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Student Team Develops World’s Fastest-Charging Electric Race Car

InMotion's race monster charges battery in under 4 minutes, paving the way for pit-stop-worthy electric cars.

Researchers say they have developed the fastest-charging electric race car in the world.

Student team InMotion from the Eindhoven University of Technology (TU/e) claims their achievement is a step closer to charging an electric race car just as fast as filling up a petrol-powered car.

InMotion’s electric race car, which TU/e describes as a “race monster”, is capable of charging its battery in less than four minutes, making it the fastest-charging electric race car for endurance racing in the world known so far.

InMotion started designing and producing the new battery pack in the race car with more than thirty students in November 2022.

TU/e explain: “What’s remarkable is that this battery pack charges in just 3 minutes and 56 seconds, with a charging power of 322 kW, a total capacity of 29.2 kWh, and a range of approximately 250 kilometers (820210 feet) .”

The team says reducing the charging time for electric cars is important to make electric driving easier and therefore more accessible for consumers.

Electric race car. InMotion’s electric race car, which TU/e describes as a “race monster”, is capable of charging its battery in less than four minutes, making it the fastest-charging electric race car for endurance racing in the world known so far. PHOTO BY CHARLIE ACUNA/SWNS 

InMotion states they have taken up that challenge and are “now truly getting close to a pit-stop-worthy charging time”.

Team manager Julia Niemeijer says that during fast charging, a significant amount of heat is generated, leading to accelerated degradation of the battery cells.

She explains: “In the past, we developed an innovative cooling technology at module level, where cooling plates filled with coolant were placed between the modules containing the cells. This allowed us to extract a lot of heat from the pack.

“If you want to extract heat as efficiently as possible from the battery pack, you want to cool as close as possible to the battery cells. Therefore, we have developed a method recently that enables cooling at the cell level, with actual coolant flowing between each cell. This means we can extract even more heat from the pack.

“It has a tremendously positive effect on the lifespan and repeated fast charging. A 24-hour test shows minimal degradation of the battery pack as a result.”

TU/e add that cooling at the cell level is not yet common in the market, which is why InMotion has developed its own modules.

Julia Niemeijer adds: “It was very challenging because there was only a few millimeters of space between the cells in the module to implement the cooling technology.

“This required us to be extremely precise in our work. We are thrilled that we have found a method that makes this possible.”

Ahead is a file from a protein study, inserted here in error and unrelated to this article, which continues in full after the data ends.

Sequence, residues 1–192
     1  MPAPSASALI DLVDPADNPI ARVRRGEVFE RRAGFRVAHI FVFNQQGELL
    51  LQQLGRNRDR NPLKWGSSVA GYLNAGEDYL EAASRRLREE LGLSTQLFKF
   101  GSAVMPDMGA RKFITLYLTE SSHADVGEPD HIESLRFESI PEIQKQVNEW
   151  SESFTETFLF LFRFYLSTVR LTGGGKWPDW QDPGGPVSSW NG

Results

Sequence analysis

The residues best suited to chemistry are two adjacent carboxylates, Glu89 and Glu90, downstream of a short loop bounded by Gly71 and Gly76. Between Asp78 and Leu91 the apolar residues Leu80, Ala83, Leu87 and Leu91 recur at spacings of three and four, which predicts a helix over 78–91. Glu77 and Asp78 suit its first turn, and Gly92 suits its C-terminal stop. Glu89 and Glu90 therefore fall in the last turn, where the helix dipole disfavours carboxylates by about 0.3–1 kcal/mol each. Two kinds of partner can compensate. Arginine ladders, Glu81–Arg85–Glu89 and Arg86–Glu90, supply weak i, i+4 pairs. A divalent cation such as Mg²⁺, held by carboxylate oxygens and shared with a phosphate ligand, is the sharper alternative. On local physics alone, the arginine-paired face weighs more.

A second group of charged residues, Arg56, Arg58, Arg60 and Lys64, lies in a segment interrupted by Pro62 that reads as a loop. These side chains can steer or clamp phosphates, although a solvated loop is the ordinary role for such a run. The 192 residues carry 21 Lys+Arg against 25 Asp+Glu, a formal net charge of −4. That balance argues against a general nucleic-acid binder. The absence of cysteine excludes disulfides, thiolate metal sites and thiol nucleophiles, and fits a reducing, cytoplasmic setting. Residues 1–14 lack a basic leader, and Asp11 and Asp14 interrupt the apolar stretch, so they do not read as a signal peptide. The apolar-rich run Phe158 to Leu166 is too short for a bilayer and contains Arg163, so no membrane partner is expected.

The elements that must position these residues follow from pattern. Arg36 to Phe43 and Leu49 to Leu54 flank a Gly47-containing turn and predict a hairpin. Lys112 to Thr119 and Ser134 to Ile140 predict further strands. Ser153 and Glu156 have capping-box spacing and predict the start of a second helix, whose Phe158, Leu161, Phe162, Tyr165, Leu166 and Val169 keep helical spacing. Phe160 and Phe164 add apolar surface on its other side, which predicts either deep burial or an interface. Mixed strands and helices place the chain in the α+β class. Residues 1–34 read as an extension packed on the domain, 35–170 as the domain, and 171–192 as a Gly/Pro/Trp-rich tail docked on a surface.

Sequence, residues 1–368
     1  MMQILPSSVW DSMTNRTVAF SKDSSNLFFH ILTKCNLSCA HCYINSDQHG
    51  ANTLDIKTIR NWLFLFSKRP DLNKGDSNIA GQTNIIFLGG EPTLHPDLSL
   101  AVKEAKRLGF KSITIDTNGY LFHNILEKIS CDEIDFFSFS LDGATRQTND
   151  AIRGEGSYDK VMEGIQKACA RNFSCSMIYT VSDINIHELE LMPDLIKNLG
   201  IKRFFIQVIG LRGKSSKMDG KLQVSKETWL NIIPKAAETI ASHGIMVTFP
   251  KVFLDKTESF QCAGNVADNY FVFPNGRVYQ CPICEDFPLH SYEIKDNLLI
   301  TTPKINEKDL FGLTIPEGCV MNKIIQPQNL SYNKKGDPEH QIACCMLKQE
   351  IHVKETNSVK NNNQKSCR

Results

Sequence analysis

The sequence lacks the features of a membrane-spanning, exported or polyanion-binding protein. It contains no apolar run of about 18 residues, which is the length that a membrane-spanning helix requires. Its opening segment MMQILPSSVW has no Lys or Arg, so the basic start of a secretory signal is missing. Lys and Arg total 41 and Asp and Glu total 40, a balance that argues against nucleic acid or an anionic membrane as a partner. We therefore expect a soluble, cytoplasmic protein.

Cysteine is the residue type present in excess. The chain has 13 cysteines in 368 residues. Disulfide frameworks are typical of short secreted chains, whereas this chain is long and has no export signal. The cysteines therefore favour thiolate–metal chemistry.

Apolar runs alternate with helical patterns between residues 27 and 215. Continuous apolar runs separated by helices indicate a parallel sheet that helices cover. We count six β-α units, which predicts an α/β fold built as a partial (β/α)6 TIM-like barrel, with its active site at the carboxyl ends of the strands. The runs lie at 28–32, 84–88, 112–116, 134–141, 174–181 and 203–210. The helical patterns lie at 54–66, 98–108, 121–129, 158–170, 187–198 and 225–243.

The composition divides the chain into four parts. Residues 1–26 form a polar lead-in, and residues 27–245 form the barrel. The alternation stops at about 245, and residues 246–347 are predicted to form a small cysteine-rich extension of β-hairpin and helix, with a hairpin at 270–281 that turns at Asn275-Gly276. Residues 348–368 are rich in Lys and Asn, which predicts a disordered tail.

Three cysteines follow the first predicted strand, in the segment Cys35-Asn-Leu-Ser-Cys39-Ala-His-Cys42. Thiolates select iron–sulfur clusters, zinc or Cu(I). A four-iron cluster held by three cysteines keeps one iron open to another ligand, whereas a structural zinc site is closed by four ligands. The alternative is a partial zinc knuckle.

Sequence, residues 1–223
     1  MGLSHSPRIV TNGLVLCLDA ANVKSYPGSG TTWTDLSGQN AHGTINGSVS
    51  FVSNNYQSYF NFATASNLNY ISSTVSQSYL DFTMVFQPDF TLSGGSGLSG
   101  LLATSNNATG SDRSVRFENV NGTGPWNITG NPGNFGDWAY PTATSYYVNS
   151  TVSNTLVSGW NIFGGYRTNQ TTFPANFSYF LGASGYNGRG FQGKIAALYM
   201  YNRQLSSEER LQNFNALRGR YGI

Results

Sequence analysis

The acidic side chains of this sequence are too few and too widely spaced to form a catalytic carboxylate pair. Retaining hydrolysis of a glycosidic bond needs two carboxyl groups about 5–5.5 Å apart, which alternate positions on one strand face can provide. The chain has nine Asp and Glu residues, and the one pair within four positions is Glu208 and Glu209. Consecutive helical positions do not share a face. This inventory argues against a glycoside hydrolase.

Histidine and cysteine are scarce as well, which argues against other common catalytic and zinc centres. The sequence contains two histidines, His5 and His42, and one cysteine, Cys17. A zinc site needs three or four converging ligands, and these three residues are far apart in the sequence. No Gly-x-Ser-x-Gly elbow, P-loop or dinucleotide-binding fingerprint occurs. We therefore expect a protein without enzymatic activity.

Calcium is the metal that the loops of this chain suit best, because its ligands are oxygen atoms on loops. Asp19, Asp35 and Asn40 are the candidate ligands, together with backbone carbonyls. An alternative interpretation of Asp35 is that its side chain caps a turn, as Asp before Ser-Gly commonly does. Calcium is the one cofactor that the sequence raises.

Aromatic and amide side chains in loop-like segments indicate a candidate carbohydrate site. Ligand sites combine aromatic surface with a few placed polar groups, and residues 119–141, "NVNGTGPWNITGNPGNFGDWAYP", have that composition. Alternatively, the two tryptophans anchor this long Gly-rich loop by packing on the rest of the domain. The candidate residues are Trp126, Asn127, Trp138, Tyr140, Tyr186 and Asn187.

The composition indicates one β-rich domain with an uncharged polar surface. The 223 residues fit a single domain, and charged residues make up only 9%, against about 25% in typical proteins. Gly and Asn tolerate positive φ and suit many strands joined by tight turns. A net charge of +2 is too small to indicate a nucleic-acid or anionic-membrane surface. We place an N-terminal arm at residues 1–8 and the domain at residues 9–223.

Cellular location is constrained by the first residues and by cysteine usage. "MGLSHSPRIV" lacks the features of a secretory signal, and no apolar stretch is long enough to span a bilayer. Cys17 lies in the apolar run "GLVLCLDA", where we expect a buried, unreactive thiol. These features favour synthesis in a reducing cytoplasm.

TU/e says the goal of InMotion is to demonstrate that it is possible to reduce the charging time of an electric car, to a level comparable to refueling a gasoline car. In doing so, they hope to make electric driving more appealing to consumers and challenge the industry to make the world greener.

“If a group of highly motivated students can achieve this, then the industry certainly cannot lag behind,” they add.

Henk Jan Bergveld, part-time professor of Electrical Engineering at TU/e, says: “Student teams like InMotion are important for pushing boundaries and testing new technologies in practice, triggered by challenging applications such as an electric race car.

“Faster battery charging in an electric car is certainly not trivial. It is crucial for faster market acceptance, where innovations such as a battery pack with highly optimized cooling will play a significant role.”

The technology has been tested at research institute TNO and Prodrive Technologies.

Stijn van de Werken, Technical Manager at InMotion, explains: “The beauty of the technology is that it allows for the creation of battery packs in different sizes.

“There is often a misconception that smaller battery packs charge faster than larger ones. However, this is not the case.

“No matter how large you make the pack, the charging time will remain the same as long as the charging station can supply sufficient energy. This opens up numerous possibilities for implementation.”

The student team has implemented the technology in an LMP3 race car. The LMP3 is the prototype class of the famous 24 Hours of Le Mans, designed to allow young drivers and new teams to enter the competition.

Stijn van de Werken says they will conduct more extensive testing of the race car on the circuit in the coming year.

InMotion hope to showcase the technology during the 24 Hours of Le Mans, where the battery pack will be tested under the most challenging conditions, namely long-distance racing.

Produced in association with SWNS Talker

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